Under Brezhnev, most farming remained collectivized, with four percent of the Soviet Union's arable land being farmed on the side as privately owned plots – with this four percent producing around twenty-five percent of the Soviet Union's agricultural output. Before World War I, Russia had been one of the greatest food exporters in the world, but now it had become one of the world's greatest importers of food. After decades of collective farming, agricultural workers in the Soviet Union had developed poor work habits. And with distribution and transportation a problem, some harvests rotted on their way to market, and sometimes as much as forty or fifty percent of a crop might rot in the fields.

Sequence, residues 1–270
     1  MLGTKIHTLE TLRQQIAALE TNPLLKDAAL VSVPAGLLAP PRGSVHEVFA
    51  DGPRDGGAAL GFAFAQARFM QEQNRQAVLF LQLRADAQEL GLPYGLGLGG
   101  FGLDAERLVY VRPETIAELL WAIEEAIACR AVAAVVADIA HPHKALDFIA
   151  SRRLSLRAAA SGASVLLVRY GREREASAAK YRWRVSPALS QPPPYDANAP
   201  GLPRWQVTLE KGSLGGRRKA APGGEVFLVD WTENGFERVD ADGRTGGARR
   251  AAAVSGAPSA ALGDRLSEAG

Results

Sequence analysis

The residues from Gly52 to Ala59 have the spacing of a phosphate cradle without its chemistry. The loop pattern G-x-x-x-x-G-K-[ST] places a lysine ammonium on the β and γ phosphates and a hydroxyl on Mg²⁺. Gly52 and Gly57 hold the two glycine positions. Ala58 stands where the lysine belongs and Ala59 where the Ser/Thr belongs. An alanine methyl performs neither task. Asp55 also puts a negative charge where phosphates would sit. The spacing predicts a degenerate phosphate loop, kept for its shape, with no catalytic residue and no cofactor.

What grew during the Brezhnev years were bureaucracy and the size of the Communist Party – with many Party members working in bureaucracies. And growing too were the number of vacation residences, pensions, perks and privileges for Party members. In the eyes of the common Soviet citizen, corruption was growing alongside economic stagnation.

CONTINUE READING: Reagan: "Staying the Course"

Copyright © 2016 by Frank E. Smitha. All rights reserved.